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Video Game Graphics and Physics

  1. Oct 19, 2013 #1
    I was numerically solving the wave equation earlier just to produce a simple illustration of a vibrating string and my computer was working pretty hard. Then I realized how many video games nowadays have such awesome graphics with things like water, waves, motion in general, etc... Are these consoles numerically solving PDEs with obscure boundary conditions to make these animations??? If that's the case, it really makes you appreciate how powerful these consoles can be (especially when user input can alter the equations and boundary conditions and run so smoothly).

    My question: Are gaming consoles numerically solving PDEs with obscure boundary conditions to make animations?
  2. jcsd
  3. Oct 19, 2013 #2
  4. Oct 20, 2013 #3


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    Staff: Mentor

    Highly doubtful. As far as I am aware in most cases they don't simulate real water behavior, they rather use algorithms that make the surface "look good". Sophisticated cheating in other words.

    See if this page: http://vterrain.org/Water/ doesn't help.
    Last edited: Oct 20, 2013
  5. Oct 20, 2013 #4
    there was this video in which they used what they call " real physics engine "
    i then went on to read more about this engine , it claims that it uses real-life physical computations to compute the movement of particles like dust , bullets and whatsoever , i dont remember the name of the video
    but it was for one of UnReal games * no pun its just the name of the game :p *
    also check this PhysX engine
    to quote wikipedia
    " It supports rigid body dynamics, soft body dynamics, ragdolls and character controllers, vehicle dynamics, volumetric fluid simulation and cloth simulation including tearing and pressurized cloth. "
  6. Oct 20, 2013 #5

    Yes that's what I was looking for. That is truly amazing if you ask me... I wonder if physicists and engineers working in computational mechanics realize that their work is also being used in video games? LOL...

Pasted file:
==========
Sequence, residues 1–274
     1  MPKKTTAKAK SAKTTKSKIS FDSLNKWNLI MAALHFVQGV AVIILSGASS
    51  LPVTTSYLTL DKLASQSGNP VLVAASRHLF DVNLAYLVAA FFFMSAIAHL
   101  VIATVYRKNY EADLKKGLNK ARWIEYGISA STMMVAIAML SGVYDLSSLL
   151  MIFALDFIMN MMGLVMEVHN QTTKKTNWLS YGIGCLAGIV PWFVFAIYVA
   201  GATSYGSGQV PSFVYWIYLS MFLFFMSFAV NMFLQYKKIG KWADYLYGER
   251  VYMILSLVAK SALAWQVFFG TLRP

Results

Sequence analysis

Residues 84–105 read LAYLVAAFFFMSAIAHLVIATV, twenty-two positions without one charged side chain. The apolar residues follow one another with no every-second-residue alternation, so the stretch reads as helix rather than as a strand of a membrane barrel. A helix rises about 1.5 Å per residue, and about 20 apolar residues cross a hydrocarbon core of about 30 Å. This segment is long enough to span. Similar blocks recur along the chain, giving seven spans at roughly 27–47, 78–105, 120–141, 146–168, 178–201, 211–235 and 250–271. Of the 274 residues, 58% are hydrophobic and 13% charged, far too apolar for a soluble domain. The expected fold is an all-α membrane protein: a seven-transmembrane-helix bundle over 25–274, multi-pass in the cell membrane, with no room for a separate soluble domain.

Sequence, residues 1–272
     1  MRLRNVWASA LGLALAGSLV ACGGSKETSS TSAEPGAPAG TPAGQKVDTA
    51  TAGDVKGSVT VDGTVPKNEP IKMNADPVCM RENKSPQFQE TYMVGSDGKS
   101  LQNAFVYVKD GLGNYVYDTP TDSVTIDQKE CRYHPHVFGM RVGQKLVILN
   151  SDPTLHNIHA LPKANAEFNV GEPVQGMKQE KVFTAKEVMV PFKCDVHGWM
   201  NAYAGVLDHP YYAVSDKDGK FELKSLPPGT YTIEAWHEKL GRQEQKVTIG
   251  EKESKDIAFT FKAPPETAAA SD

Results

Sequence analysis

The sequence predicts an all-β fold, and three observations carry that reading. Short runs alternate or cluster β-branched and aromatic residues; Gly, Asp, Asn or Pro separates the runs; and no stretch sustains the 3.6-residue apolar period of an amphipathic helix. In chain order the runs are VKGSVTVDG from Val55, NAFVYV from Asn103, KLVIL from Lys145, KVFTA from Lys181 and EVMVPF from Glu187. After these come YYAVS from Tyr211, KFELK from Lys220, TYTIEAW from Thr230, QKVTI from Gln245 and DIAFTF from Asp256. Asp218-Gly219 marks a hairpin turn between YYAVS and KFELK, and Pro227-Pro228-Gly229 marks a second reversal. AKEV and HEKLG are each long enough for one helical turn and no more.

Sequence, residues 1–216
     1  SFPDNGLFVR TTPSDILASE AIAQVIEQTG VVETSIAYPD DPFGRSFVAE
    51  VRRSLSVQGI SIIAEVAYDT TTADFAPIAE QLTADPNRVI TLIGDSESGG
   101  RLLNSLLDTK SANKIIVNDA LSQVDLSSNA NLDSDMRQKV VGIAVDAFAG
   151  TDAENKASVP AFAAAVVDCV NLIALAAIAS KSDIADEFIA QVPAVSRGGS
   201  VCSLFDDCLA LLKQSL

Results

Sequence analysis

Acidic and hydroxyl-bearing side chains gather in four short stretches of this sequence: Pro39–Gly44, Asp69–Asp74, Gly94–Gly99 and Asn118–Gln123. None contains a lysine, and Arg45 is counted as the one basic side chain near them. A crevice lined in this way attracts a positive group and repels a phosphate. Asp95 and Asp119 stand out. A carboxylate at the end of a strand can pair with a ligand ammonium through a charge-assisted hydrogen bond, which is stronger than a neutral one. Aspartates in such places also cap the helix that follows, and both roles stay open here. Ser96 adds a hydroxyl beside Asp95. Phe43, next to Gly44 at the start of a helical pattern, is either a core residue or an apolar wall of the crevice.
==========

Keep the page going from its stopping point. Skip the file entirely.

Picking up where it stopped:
7. Oct 20, 2013 #6


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    Staff Emeritus
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    Homework Helper

    No, they're totally oblivious to such things.

    I'm curious as to what you mean by 'PDEs with obscure boundary conditions'. Most of the PDEs describing fluid flow and such have relatively simple and quite common boundary conditions.
  8. Oct 21, 2013 #7
    Obscure was the wrong word, I meant seemingly random or a wide variety of boundary conditions. When you have user input and there's a bunch of possibilities you can get a wide array of boundary conditions. Sorry for the misuse of that word, I can't think of any boundary value problems that would arise in a videogame that aren't capable of being solved numerically...
  9. Oct 21, 2013 #8


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    Science Advisor
    Homework Helper

    Not quite oblivious. A lot of "serous" numerical computing is taking a ride on the back of the hardware developed for mass-market computer gaming (e.g. the large scale parallel processing hardware in graphics cards), and the low hardware costs that come from large production runs.

    But the objectives are very different even if the hardware and even some of the numerical methods are the same. A video game animation has to look right (or at least, not look too wrong) when it is computed in real time. And if it doesn't look quite right, adding some smoke, flames, and/or sound effects can easily ihide that fact!. An engineering simulation has to be right, not just look pretty, but getting answers in real time is usually irrelevant. At work, we use simulations that run for hundreds of hours, to compute what happens to something in a few milliseconds.
  10. Oct 22, 2013 #9
    I do the same thing with molecular dynamics simulations. It takes weeks to get a few nanoseconds in real time. I'd like to get into more classical simulations (even though molecular dynamics is primarily classical mechanics...) like fluid flow or vibrations.

    Out of curiosity, what do you do?
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